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Twelve Orioles Thoughts following series split with Toronto

With the Orioles salvaging a two-game series split with AL East rival Toronto in dramatic fashion on Wednesday, I’ve offered a dozen thoughts, each in 50 words or less:

1. Adley Rutschman must have heard all the Gunnar Henderson MVP chatter and recent praise for Jordan Westburg and figured it was time to remind everyone that his arrival in the majors two years ago really jump-started this turnaround and ascension. What a moment for the All-Star catcher. 

2. Brandon Hyde stated the obvious when acknowledging “you normally don’t win games like that when you leave that many guys on base and have that many scoring opportunities.” The Orioles stranded 11 men and went 0-for-10 with runners in scoring position. Talk about stealing one. 

3. The Orioles still lead the AL in runs per game, but ranking last in walks and 10th in on-base percentage becomes more relevant when you’re averaging 3.8 runs per contest in May. There’s nothing wrong with more aggressiveness, but finding the middle ground is probably in order.  

4. I still don’t know what we watched in that eighth inning. James McCann is a good bunter, so I’ll live with Hyde’s initial safety squeeze call, but McCann can’t continue multiple attempts on his own. A lefty reliever looming or not, Ryan O’Hearn also needs to pinch-hit in that inning.

5. Making McCann’s bunt attempts worse was Anthony Santander being on third base with a knee that was feeling worse after he bruised it in the outfield earlier in the game. I find much of the Hyde criticism on social media to be unfair, but that inning made my head hurt. 

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6. Kyle Bradish needed 85 pitches to complete four innings, registering only five swinging strikes. For the foreseeable future, we’ll wonder about the health of his elbow whenever he struggles, but this was only his sixth start of 2024 including his rehab assignment and acknowledging him missing helpful Grapefruit League tuneups.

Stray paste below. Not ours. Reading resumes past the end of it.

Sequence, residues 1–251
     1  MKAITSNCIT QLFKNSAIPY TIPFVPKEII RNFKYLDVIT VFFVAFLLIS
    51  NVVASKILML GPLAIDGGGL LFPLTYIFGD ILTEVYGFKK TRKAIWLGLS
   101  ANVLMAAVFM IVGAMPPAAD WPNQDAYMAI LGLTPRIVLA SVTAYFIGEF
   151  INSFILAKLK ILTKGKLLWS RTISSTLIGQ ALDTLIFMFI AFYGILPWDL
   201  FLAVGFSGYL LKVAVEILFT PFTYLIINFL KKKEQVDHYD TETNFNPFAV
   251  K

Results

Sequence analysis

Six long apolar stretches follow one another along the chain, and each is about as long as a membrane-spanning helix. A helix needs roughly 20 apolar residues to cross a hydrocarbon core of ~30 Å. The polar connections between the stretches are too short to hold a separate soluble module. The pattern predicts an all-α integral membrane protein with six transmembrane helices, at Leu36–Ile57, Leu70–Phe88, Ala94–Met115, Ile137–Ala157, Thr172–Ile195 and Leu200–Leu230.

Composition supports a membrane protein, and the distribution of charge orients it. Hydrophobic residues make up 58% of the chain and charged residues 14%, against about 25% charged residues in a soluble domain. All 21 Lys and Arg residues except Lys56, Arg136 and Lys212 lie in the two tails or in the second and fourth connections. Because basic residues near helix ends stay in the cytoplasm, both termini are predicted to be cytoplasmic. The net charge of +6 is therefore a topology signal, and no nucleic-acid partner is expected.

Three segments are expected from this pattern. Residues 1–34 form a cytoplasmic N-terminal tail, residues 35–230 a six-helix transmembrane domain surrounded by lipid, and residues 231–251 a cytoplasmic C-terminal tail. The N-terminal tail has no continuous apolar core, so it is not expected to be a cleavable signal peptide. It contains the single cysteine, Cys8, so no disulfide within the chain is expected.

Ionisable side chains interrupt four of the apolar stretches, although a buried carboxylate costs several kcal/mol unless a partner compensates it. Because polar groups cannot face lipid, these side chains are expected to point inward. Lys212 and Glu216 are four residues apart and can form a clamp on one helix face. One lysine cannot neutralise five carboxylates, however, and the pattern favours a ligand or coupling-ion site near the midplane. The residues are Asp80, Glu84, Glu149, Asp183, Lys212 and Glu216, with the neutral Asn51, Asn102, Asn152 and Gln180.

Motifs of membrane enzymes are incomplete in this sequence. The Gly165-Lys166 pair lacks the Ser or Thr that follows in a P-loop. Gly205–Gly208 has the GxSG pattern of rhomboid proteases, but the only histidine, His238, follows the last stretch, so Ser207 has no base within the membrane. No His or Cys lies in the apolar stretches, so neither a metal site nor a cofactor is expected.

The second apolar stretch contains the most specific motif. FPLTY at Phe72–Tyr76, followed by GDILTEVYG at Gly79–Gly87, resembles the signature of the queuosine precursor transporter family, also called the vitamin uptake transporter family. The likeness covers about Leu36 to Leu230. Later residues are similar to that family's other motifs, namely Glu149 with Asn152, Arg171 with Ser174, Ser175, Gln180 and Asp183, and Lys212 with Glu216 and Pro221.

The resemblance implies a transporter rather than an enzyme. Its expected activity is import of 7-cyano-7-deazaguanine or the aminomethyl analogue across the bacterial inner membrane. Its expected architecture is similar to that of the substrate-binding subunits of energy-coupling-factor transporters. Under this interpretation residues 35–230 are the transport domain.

7. Credit the Baltimore bullpen for making Wednesday’s ninth-inning comeback possible after tossing five innings of one-hit ball. Jacob Webb would rather not walk the bases loaded before escaping trouble, but even Mike Baumann was able to get five meaningful outs to maintain the one-run deficit. 

8. We’ll see if the revamped lineup featuring Westburg leading off and Henderson batting cleanup becomes a fixture against left-handed starters, an everyday occurrence, or a simple one-off. At the very least, Westburg reinforced why he should be batting higher in the order. 

9. Much was made about Corbin Burnes being “fatigued” after 85 pitches Monday, but he’s on track to eclipse his career high in innings (202) and completed seven frames once before May 27 last season. Like it or not, even an ace in today’s game doesn’t mean what it used to.

10. Since his walk-off home run against Minnesota on April 17, Cedric Mullins is 8-for-68 with two extra-base hits, four walks, and 19 strikeouts. He’s 5-for-41 against lefties in 2024. I’m not about to bury someone who’s a superb center fielder at the very least, but a platoon is overdue.

11. Complicating that is Hyde revealing Austin Hays is still dealing with “lingering effects in the calf,” which explains why Kyle Stowers ran for him after the seventh-inning pinch-hit double. If that’s the case, why be so quick to activate Hays when he could have stayed on his rehab assignment longer? 

12. I refuse to ignore last year’s AL Division Series, but Baltimore not being swept in 105 of its last 106 series — yes, counting postseason — is remarkable. The regular-season streak has tied the 1903-05 New York Giants — who were managed by onetime Baltimore Oriole John McGraw — for third longest in history. 

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